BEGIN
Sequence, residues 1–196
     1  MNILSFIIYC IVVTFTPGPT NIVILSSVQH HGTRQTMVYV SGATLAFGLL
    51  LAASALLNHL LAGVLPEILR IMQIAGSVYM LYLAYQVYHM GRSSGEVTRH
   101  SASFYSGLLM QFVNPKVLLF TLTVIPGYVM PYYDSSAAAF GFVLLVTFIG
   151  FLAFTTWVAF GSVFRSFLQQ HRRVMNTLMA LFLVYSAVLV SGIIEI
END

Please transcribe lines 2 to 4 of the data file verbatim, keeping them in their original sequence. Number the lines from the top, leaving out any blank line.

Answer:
     1  MNILSFIIYC IVVTFTPGPT NIVILSSVQH HGTRQTMVYV SGATLAFGLL
    51  LAASALLNHL LAGVLPEILR IMQIAGSVYM LYLAYQVYHM GRSSGEVTRH
   101  SASFYSGLLM QFVNPKVLLF TLTVIPGYVM PYYDSSAAAF GFVLLVTFIG